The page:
Community Food Systems and
Sustainable Agriculture Program

Community Food System and Sustainable Agriculture (CFSSA) Evaluation Results: A Summary

By José García and Carol Fulkerson


This is a summary of an extensive evaluation report presented by Odilio Fernandez, a master's student of Rural Sociology at the University of Missouri. The evaluation of the Community Food System and Sustainable Agriculture (CFSSA) program was completed in the spring of 2003. The program accomplished a great deal during its first year and a half according to the evaluator. Results of this survey evaluation of the program are summarized in this report.

The CFSSA program became what it is now in July 2001 through a grant of University of Missouri Outreach & Extension. The goals of the program are to create local and regional information pathways regarding sustainable agriculture and to support people and communities striving for a more sustainable future. Additional goals are:

  • Strengthen farms and communities' economic viability through sustainable practices in agriculture
  • Positively impact or maintain Missouri's natural resources through ecologically sound agriculture practices and consumer choices
  • Make producers and consumers equitable partners and influential players in establishing and strengthening local food systems and economies

Specifically, the CFSSA program has been working in supporting the establishment of farmers' markets, providing marketing training on meat and other products, educating consumers in small and large events, assisting producers in forming cooperatives, establishing Latino community gardens in rural Missouri, informing and assisting producers on organic and sustainable farming, supporting small farmer organizations, and others. The targeted population of the program is producers interested in sustainable issues and consumers concerned about food security, safety and freshness.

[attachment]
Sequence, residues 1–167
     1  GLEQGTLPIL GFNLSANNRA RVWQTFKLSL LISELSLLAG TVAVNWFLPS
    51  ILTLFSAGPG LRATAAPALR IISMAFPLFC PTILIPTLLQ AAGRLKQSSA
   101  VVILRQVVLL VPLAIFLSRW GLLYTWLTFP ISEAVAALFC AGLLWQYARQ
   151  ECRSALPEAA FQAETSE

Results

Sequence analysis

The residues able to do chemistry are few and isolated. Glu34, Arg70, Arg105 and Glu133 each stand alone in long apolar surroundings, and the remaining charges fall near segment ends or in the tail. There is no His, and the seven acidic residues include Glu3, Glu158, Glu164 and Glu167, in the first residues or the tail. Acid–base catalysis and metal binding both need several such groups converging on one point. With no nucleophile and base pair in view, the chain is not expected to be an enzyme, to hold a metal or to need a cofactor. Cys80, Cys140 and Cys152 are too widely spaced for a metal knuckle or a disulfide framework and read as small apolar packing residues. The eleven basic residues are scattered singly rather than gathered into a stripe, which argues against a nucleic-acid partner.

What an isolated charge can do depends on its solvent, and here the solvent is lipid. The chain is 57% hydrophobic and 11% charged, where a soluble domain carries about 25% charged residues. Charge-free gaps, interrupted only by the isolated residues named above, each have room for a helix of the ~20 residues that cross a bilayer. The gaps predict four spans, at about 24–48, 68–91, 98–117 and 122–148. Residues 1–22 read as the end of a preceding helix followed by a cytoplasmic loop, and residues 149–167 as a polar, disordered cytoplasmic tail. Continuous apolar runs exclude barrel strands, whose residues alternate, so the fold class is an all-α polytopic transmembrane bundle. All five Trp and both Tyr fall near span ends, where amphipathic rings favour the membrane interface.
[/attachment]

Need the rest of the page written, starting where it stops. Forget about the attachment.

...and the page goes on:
DESCRIPTION OF THE EVALUATION SURVEY

This evaluation was conducted among farmers and has two purposes. The first is to assess if producers improved practices on sustainable agriculture. The second is to assess what knowledge and skills were acquired on sustainable agriculture, along with discovering if producers experienced economic and environmental benefits as a result of CFSSA program activities.

Almost 80 producers in the state of Missouri, many of who have participated in and benefited from CFSSA program activities, were mailed or e-mailed a questionnaire. The response rate was 73.3% and 26.7% respectively. The questionnaire was short and easy to complete, using mostly closed questions.

DEMOGRAPHICS

The respondents tended to be older with 63.3% over 47 years old. Both genders were almost equally represented. A majority of the respondents have as principal products animal and animal related products, due perhaps that many responses came from areas where caw-calf and cattle operations have a strong presence.

Many examples of how respondents live principles of sustainable agriculture were revealed through this research project. Almost ¾ of the respondents were involved in conserving and protecting soil and water. Furthermore, 80% of the respondents are involved in managing pests, diseases and weeds with minimal environmental impact. Finally, slightly more than half surveyed are involved in encouraging wildlife habitats.

PROGRAM AWARENESS AND ATTITUDES

The bulk of the survey is data related to respondents' awareness of the CFSSA program and attitudes they held about the program. In general, awareness came from several sources. 43.3% of the respondents that knew about the program first heard about it through an extension specialist, 53.3% have heard about the program from a meeting, conference or exhibit. 66.7% of the respondents have participated in program events. Publications related to CFSSA have been a great source of respondent's awareness, as 46.7% have read an article about the program's activities.

Questions on attitudes about the CFSSA program showed some interesting trends. 73.3% of the respondents, after learning about the program, were very interested in participating in its activities. Whereas about half of the respondents heard about the program from an extension specialist, only 30% were motivated to participate by an extension specialist. One interesting finding was that 43.3% of respondents describe the general attitudes of farmers toward sustainable agriculture living in their area as somewhat negative versus 13.3% who say that there is a positive perception in their area.

Also, 80% of the respondents pointed out that the program activities helped them to get closer to their goals in sustainable agriculture and 60% declared the activities provided them with new ideas. Only 20% thought the activities helped them to develop new markets. In addition, two thirds of the respondents feel that as a result of their participation in the CFSSA program they are taking steps to increase their income through direct marketing/reduction of external costs. Similar percentages relate to increasing their environmental sound practices on their farms and their links to their communities.